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About the bagpipe learning programmes 

Learning outcome

  • Learning music as a language - developing aural skills

  • Understanding the instrument and its characteristics

  • Guiding students to build up their repertoire

  • Instilling in them a love and enjoyment for bagpipe music

  • Gaining experience from performing for the audience

Tuitions are available for all levels, from age of 6 and above.

One on one lessons

  • Everyone is different and has different needs. Tailor-made lesson plans to guide each student towards individual goals step by step.

Group classes for age of 12 and above

  • Learning along with your peers as well as building up the skills for playing together as a group.

Youth programme

     Parent-child classes

  • A fun musical activity for families; the parent be a role model for learning.

More advanced topic examples

Information for group classes and workshops please join the email list for updates. 

The Highland Bagpipe Tutor Book "A Step by Step Guide as taught by the National Piping Centre." is recommended for beginners. 

*Option to use the Piping and Drumming Qualifications Board (PDQB) & Scottish Qualifications Authority (SQA) syllabuses as learning checkpoints.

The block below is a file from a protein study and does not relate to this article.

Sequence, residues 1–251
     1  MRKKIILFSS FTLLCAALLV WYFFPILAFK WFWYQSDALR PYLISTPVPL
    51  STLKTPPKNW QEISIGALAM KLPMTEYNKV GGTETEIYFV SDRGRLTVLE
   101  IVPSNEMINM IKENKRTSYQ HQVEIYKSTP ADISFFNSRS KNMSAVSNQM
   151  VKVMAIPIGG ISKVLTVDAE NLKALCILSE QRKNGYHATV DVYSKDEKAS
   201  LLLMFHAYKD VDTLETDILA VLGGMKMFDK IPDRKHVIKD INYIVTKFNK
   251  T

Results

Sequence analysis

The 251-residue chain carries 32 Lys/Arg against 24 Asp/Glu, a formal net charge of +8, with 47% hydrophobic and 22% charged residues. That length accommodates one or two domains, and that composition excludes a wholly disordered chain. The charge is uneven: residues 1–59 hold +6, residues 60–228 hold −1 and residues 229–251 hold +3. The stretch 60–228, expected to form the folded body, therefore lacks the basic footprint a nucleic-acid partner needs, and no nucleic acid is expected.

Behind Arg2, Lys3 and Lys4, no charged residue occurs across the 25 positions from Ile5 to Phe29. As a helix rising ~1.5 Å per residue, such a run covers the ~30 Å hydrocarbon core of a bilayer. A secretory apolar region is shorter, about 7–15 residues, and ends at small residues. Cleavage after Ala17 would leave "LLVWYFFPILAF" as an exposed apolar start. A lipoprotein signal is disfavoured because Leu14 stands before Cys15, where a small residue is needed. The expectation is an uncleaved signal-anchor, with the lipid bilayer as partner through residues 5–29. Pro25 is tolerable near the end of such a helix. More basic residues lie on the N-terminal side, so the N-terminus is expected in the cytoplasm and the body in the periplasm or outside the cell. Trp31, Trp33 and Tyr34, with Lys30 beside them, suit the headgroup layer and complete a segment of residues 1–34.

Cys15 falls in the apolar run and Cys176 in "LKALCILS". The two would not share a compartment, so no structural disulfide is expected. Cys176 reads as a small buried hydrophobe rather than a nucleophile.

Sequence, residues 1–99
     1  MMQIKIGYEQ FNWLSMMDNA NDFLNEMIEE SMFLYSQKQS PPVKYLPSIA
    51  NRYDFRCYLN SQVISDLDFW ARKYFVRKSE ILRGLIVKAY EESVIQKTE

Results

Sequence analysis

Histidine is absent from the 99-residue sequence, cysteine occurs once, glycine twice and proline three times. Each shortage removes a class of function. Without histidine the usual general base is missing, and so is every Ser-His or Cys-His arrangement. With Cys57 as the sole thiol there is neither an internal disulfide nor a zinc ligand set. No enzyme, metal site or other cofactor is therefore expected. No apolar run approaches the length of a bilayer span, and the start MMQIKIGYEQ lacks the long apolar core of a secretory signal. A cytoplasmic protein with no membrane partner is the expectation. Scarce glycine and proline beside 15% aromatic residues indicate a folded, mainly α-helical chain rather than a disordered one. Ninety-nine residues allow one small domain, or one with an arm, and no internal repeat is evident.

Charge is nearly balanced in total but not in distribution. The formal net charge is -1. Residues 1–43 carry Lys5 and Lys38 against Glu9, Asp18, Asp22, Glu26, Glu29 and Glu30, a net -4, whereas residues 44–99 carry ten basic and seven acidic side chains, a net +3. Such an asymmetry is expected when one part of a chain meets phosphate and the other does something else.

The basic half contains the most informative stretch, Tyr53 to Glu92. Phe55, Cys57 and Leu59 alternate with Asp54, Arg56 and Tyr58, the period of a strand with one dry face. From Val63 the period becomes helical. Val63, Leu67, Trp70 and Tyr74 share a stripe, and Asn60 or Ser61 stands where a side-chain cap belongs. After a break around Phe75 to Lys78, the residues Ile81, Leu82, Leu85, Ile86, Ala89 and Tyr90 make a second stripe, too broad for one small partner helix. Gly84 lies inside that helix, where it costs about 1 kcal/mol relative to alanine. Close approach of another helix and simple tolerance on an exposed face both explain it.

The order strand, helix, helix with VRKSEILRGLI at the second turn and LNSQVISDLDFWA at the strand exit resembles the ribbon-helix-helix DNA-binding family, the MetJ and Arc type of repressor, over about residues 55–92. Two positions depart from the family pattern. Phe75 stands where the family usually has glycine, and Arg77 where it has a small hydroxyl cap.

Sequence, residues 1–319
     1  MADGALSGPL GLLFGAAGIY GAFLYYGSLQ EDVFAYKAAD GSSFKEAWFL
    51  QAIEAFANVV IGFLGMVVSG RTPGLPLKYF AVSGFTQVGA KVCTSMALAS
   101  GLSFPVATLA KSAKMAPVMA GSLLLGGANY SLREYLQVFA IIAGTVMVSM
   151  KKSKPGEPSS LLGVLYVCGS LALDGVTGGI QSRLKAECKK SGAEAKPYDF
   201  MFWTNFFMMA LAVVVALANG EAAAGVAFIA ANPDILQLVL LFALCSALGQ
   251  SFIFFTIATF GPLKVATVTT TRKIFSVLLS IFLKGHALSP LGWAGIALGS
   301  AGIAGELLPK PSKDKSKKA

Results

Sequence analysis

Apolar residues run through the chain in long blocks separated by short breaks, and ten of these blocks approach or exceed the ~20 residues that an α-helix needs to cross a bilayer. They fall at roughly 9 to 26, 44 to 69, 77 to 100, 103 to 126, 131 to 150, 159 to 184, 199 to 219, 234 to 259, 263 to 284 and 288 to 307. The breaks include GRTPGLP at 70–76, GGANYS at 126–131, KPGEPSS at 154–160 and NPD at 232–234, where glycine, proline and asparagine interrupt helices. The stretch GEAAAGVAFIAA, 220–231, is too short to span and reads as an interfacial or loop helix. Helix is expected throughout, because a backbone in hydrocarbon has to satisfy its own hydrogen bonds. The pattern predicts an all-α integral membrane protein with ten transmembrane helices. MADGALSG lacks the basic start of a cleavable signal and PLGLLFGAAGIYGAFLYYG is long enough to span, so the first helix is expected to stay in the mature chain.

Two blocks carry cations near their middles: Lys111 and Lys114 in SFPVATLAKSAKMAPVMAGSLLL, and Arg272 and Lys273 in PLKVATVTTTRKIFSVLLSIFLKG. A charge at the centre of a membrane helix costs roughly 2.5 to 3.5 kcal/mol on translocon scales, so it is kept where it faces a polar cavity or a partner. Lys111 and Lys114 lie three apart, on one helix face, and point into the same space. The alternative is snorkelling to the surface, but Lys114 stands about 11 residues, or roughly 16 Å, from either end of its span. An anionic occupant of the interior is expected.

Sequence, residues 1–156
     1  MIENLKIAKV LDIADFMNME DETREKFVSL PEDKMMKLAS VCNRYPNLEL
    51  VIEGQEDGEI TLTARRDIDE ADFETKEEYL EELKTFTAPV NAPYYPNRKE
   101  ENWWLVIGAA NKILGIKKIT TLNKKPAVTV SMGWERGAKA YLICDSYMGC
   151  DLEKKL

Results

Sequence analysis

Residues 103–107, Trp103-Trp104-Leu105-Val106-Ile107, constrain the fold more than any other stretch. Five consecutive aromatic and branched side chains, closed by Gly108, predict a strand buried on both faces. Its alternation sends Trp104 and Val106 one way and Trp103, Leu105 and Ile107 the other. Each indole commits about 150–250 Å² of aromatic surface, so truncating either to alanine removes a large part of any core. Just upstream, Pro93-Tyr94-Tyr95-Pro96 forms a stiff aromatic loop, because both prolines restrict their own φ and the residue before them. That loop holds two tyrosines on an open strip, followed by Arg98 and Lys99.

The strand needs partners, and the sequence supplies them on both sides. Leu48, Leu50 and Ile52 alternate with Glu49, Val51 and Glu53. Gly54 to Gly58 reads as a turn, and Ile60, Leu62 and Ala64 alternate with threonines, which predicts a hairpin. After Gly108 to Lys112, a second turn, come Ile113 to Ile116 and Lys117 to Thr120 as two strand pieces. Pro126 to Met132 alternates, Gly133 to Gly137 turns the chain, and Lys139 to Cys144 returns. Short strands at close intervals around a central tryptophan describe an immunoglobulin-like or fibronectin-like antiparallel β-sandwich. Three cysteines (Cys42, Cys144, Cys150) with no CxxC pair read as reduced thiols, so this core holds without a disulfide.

PDQB syllabus levels

Basic levels

Level 2 to 3: (Practice chanter)

Level 4 (Bagpipes)


Level 5 (Introduction to Piobaireachd)

Level 6 (More advanced light music playing and basic knowledge of piobaireachd)

More advanced

Level 7 and 8 (Professional Development Awards)


Since I am a PDQB assessor of all levels under the National Piping Centre, I know the syllabus well and able to teach the requirements at the highest standards.

*Assessors cannot conduct examinations for their students (Private or group class students).

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Examples of my teaching topics

  • Step by step to the next level: What you are looking for in your practices; Stages of the process

  • Getting the most out from your instrument: Basic to advanced instrument set-up, maintenance, tuning and refining the sound (Individual/pipe corps/with other instruments)

  • Solo piping

  • Ensemble skills

  • Highland dancing tunes

  • Idioms of conventional style March, Strathspey, Reel, Hornpipe and Jig

  • Introduction to Piobaireachd

  • 20th-century conventional style Piobaireachd: Types of variations

  • Demystifying the mindset for Piobaireachd (for pipers who have already had experience with Piobaireachd)

  • Looking at 19th-century collections and related history (both light music and pibroch)

  • Piobaireachd development from mid 18th-century

  • Other repertoires: Tunes from borders, Ireland, Cape Breton, Brittany and others

  • Scottish bellow-blown pipes

  • PDQB syllabus theories

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